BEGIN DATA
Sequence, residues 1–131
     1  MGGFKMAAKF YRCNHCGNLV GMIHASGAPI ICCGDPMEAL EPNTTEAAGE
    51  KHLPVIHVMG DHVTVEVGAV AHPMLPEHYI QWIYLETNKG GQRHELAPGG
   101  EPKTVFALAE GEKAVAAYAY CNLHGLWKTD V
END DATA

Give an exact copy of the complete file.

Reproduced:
Sequence, residues 1–131
     1  MGGFKMAAKF YRCNHCGNLV GMIHASGAPI ICCGDPMEAL EPNTTEAAGE
    51  KHLPVIHVMG DHVTVEVGAV AHPMLPEHYI QWIYLETNKG GQRHELAPGG
   101  EPKTVFALAE GEKAVAAYAY CNLHGLWKTD V